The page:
AbstractIn this course we study religion as a social and cultural phenomenon, with a particular emphasis on the contemporary United States. We examine religious beliefs, practices, institutions and movements as they are shaped by their social context and in turn influence it. We also briefly discuss religious expression in other regions, including Europe and...
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- College 300
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Usage NotesFor a semester-long course. The course is cross-listed as a Religion course. It is taken by Sociology majors and minors and Religion majors/World Religions concentration and Religion majors/Christian Tradition concentration, as well as by Religion minors. The course also fulfills a college distribution requirement in Religious and Philosophical Thought...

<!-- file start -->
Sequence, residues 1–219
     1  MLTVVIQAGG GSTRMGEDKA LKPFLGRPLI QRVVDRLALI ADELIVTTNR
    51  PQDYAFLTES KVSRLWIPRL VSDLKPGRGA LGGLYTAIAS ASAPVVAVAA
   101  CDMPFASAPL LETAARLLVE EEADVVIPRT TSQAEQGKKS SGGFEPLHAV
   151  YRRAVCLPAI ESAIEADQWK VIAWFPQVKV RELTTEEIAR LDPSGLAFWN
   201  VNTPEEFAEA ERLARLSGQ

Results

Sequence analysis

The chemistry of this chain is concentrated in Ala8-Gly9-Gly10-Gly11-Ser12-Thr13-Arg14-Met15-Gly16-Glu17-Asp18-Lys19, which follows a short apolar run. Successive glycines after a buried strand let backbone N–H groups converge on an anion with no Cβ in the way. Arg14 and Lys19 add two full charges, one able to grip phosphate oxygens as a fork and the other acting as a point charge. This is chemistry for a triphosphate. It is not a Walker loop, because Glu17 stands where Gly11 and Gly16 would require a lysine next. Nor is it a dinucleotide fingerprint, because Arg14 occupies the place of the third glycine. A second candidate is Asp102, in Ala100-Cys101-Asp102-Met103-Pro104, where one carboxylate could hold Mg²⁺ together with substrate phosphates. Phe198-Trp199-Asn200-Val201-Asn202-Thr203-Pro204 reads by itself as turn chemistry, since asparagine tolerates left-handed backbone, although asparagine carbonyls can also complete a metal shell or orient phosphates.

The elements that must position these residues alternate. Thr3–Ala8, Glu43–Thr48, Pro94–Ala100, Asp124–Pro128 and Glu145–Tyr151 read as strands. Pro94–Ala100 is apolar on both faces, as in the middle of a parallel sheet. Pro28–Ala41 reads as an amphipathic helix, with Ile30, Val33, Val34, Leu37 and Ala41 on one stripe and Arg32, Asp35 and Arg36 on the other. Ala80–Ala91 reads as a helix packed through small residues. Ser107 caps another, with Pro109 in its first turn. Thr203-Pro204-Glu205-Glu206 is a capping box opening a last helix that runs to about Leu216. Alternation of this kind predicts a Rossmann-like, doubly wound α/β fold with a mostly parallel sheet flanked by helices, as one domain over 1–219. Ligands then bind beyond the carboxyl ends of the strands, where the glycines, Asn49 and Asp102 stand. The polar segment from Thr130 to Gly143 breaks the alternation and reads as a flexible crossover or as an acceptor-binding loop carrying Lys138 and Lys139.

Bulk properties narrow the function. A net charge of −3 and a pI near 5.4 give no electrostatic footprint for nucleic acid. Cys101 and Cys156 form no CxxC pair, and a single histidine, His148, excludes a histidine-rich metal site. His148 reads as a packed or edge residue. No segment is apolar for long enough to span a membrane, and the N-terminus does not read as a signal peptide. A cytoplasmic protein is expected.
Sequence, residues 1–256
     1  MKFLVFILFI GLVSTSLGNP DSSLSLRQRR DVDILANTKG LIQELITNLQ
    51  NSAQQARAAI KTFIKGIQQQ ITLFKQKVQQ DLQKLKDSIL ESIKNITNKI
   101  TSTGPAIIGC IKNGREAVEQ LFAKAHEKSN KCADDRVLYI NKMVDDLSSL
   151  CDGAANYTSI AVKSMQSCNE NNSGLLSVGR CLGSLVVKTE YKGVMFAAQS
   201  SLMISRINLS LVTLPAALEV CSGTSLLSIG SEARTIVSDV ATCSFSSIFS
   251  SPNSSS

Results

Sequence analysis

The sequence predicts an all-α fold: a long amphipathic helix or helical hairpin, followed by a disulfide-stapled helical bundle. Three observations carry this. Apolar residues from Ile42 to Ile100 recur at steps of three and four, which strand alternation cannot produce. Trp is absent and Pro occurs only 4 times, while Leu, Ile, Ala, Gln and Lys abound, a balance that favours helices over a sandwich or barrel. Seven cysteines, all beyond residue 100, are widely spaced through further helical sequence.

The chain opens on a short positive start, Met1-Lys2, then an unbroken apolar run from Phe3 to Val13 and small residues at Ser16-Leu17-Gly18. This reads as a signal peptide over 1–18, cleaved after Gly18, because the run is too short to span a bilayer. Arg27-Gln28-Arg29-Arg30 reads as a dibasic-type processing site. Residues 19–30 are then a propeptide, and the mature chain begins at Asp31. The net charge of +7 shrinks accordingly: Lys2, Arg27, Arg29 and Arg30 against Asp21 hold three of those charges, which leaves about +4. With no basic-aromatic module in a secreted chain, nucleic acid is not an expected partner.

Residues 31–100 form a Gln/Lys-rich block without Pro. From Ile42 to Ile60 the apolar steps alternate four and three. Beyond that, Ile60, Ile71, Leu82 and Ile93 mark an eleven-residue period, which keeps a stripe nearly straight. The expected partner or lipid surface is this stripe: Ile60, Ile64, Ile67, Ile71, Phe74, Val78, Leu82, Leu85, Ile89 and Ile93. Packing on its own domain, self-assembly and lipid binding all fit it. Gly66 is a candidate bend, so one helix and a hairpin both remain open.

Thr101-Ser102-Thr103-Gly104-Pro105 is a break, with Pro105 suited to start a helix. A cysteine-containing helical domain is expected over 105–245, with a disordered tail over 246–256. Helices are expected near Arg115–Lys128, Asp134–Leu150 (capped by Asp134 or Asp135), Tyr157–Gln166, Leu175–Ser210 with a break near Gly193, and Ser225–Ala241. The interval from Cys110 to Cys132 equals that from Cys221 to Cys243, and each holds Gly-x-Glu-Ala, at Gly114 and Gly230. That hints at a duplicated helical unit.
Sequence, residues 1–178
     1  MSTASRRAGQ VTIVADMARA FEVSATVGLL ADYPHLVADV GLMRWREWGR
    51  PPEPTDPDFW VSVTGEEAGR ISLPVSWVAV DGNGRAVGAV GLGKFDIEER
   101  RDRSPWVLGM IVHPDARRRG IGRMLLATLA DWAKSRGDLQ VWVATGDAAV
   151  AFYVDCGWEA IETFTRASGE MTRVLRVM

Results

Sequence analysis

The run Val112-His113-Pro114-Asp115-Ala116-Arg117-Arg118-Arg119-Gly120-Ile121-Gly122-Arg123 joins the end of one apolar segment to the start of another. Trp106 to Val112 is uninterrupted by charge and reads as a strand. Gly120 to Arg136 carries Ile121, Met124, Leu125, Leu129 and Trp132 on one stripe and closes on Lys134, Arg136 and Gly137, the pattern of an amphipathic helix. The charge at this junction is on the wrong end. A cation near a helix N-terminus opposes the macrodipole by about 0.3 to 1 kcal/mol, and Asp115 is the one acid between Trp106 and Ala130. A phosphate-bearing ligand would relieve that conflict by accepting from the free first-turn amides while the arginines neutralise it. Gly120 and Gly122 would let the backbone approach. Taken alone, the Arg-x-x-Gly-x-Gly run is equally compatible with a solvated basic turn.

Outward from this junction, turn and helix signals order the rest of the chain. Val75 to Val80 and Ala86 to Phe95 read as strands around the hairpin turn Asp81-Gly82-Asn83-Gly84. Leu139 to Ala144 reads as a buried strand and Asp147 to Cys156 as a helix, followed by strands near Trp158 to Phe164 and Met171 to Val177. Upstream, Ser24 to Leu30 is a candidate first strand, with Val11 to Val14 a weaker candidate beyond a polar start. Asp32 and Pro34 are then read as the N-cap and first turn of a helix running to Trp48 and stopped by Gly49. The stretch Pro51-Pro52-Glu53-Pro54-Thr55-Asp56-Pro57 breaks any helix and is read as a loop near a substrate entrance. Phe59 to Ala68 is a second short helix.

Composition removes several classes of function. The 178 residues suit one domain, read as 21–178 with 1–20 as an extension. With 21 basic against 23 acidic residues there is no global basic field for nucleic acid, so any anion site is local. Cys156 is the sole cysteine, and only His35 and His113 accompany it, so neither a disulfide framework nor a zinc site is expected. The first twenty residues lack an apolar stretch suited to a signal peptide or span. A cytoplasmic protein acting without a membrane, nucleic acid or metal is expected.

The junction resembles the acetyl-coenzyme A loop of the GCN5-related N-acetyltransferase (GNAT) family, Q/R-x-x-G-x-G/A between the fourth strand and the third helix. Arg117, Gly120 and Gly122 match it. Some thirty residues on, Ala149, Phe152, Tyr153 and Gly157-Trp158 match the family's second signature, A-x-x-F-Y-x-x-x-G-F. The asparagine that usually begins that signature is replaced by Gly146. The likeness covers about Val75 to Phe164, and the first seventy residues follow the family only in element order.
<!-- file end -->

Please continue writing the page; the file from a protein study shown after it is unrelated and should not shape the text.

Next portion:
Learning Goals and Assessments
- 1) Analyze religious experience using sociological concepts, theories, measures and data. 2. Describe and analyze several religious traditions (different from one or more in which you may have been raised) in an objective and value-free manner.
- 3.Summarize and evaluate the substantive and functionalist debates in defining religion and create your own preliminary definition. 4.Classify religious collectivities using the revised church-sect typology.
- 5.Summarize and critique functionalist theories (Durkheim, Bellah) and Marxist and Weberian theories on how religion contributes to social cohesion, social conflict and control and social change
- 1.Exams, reading study questions, Socratic seminar, term paper, Fundamentalism paper, mini-assignment on religiosity measures, mini-assignment on secularization thesis evaluation 2. Religion in the news reports, term project, Socratic seminar, exams.
- 3.Exam, mini-assignment on measuring religiosity 4. Exam, term project paper. 5. Exam, term project paper.